"I've loved you in the best ways I've known how," the letter said. "All I ever really needed was you, your love, your presence, to make my life complete."

John Edwards, her estranged husband, did not speak. The couple had four children together. John Edwards sat alongside 28-year-old Cate, 12-year-old Emma Claire and 10-year-old Jack. They held hands as they followed the casket into the sanctuary.

Video: Edwards' daughter says final goodbye (on this page)

Their oldest daughter talked of how her mother comforted those around her as she lay dying — at one point barely able to speak — while she held her daughter and John's hands, looking back and forth to each, repeating, "I'm OK. I'm OK."

"She was way more worried about us than we were about her," Cate Edwards said.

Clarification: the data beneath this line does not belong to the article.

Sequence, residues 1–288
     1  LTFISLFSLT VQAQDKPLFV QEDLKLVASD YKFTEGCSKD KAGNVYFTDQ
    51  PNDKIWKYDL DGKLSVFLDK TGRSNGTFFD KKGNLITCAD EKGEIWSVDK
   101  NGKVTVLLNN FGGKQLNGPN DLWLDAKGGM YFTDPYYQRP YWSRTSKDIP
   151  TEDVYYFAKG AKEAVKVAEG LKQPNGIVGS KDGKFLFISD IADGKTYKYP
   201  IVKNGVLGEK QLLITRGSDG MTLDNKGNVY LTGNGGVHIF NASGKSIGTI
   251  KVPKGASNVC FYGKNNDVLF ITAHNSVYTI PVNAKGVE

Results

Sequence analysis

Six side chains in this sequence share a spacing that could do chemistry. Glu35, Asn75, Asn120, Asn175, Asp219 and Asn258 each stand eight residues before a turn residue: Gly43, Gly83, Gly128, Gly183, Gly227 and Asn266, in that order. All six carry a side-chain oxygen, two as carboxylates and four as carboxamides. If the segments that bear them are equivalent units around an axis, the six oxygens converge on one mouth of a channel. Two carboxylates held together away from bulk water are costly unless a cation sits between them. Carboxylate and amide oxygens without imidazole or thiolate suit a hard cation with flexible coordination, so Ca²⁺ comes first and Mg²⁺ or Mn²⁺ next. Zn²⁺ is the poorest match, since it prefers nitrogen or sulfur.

She talked of her mother's strength and grace and also of her witty advice about everything from clothing (there are always fewer regrets wearing solids than patterns) to marriage (don't settle for the first boy you ever meet).

Image: John Edwards, Elizabeth Edwards
Gerry Broome  /  AP
Elizabeth Edwards died of cancer. She was 61.

"She's been a lighthouse to all of us — a point of guidance when we all feel lost," she said.

The memorial brought several political figures, including Sen. John Kerry, who led the Democratic presidential ticket in 2004 that included John Edwards, and North Carolina Gov. Beverly Perdue.

Two of Elizabeth Edwards' longtime friends, Hargrave McElroy and Glenn Bergenfield, also gave eulogies.

McElroy spoke admiringly of the fiery woman who first became a close friend as the couple raised their young children, telling stories of Edwards' expertise at any pursuit that required intellect — from board games to sports trivia. She said Edwards was always an optimist.

"She knew who she was. She never held back. She was without pretense," McElroy said.

Image: Elizabeth Edwards' casket
Gerry Broome  /  AP
Pall bearers carry the casket during funeral services for Elizabeth Edwards at Edenton Street United Methodist Church in Raleigh, N.C., on Saturday.